From bartering his time for machine time Chuang would go on to become a foundering member of PDI and one of the most influential technology CTO’s of our industry. It is hard today to understand how rare and how hard it was to even have access to machines to make graphics. As fxguide reported in our other Founders series articles, access to a framebuffer at this time drove the careers of many of the industry greats, such as Jim Blinn, Alvy Ray Smith and others. Chuang was no different, the chance to use Rosendahl’s hardware was so incredible he dropped out of university to take take advantage of the opportunity. At university it took Chuang “15 minutes to transpose a 256×256 pixel image – something that you don’t even think about today, back then was painfully slow. So when I got involved with Carl and got my hands on a real 24bit framebuffer, it was a dream come true – I could make suddenly full color images!”. The two became good friends.
Glenn Entis joined next, he came with a paint background from AMPEX (which had one of the first and only commercial paint systems with the AVA). He then went to HP working on Graphics. “He came from a very strong graphics background, he also had a Master degree in Philosophy, but he had a very strong graphics experience, in many ways the three of us complemented each other very well. I had no ability to promote anything – I was a backroom guy working my buns off making pictures, and Carl was excellent in presenting a clear vision to the world and Glenn had great graphics experience”.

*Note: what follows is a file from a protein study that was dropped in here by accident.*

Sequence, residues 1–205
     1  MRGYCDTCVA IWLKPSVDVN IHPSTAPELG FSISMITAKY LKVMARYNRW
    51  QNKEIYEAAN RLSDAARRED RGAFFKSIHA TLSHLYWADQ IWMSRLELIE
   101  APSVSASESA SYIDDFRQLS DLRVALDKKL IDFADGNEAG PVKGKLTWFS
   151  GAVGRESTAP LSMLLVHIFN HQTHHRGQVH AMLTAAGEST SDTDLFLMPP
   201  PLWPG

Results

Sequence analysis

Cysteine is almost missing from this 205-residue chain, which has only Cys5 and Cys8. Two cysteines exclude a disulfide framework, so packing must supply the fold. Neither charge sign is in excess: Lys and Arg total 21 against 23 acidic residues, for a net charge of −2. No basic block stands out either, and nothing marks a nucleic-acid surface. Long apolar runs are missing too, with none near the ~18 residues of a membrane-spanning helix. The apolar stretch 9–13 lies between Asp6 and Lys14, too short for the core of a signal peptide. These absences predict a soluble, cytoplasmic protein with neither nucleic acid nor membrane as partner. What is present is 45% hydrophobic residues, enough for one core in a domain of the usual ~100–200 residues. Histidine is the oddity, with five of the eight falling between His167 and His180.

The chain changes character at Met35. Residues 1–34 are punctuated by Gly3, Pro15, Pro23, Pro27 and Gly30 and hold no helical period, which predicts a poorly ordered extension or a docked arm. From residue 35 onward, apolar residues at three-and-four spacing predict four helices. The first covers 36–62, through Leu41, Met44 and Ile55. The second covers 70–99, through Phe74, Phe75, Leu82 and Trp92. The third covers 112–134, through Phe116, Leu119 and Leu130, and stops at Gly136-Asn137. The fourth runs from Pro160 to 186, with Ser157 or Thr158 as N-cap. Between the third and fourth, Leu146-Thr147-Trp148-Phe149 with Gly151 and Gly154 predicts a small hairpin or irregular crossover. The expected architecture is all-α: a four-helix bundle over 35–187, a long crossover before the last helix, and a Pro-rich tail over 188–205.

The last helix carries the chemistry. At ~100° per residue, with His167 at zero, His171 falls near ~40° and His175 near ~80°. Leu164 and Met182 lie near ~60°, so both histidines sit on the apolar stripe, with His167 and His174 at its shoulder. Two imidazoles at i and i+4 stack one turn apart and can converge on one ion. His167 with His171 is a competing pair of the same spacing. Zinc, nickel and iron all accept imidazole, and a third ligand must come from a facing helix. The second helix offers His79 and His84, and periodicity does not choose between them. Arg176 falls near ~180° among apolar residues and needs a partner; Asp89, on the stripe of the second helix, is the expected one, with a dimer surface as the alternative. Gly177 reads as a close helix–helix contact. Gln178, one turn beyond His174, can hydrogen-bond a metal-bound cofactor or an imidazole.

PDI would start with a PDP-11 Unix, 16 bit machine, it would soon move to workstations and general purpose workstations hardware. A really key move – completely influenced by Chuang’s microprocessor love. He knew that this style of computer would work best for our industry, a point that remained true until today and perhaps the birth of cloud computing. But as stated earlier loads of smaller microprocessor machines – workstations – was not the completely obvious solution it seems today, back then microprocessors were not taken seriously and not unlike the Rebel Mac unit later at ILM – people who suggested going with off the self hardware on every artist’s desk were the exception not the rule.